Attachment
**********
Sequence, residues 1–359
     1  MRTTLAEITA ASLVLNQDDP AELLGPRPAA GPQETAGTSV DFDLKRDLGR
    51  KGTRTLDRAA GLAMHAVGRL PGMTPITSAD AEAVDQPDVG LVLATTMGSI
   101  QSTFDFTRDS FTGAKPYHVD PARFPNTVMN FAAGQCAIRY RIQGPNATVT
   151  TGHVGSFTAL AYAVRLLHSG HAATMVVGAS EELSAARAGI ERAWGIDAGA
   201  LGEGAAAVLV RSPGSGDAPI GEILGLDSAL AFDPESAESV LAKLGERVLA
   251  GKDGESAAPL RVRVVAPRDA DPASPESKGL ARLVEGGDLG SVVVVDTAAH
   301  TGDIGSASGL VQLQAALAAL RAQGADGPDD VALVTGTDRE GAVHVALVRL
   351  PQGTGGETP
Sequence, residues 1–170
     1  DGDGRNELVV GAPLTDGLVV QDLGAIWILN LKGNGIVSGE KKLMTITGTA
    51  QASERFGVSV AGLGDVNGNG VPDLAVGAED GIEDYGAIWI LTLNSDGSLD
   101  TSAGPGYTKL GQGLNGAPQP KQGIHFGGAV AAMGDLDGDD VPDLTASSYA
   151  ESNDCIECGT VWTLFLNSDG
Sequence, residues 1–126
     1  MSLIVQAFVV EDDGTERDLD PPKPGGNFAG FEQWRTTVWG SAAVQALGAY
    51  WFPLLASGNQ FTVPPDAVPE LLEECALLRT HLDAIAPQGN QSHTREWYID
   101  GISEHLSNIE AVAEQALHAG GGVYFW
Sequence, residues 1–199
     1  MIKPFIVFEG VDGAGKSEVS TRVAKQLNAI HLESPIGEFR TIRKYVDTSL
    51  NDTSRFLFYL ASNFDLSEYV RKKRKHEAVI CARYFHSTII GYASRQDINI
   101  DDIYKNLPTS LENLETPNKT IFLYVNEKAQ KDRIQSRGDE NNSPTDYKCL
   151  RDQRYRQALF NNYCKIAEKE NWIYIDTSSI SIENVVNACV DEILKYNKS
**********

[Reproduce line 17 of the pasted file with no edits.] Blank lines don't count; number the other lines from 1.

    51  WFPLLASGNQ FTVPPDAVPE LLEECALLRT HLDAIAPQGN QSHTREWYID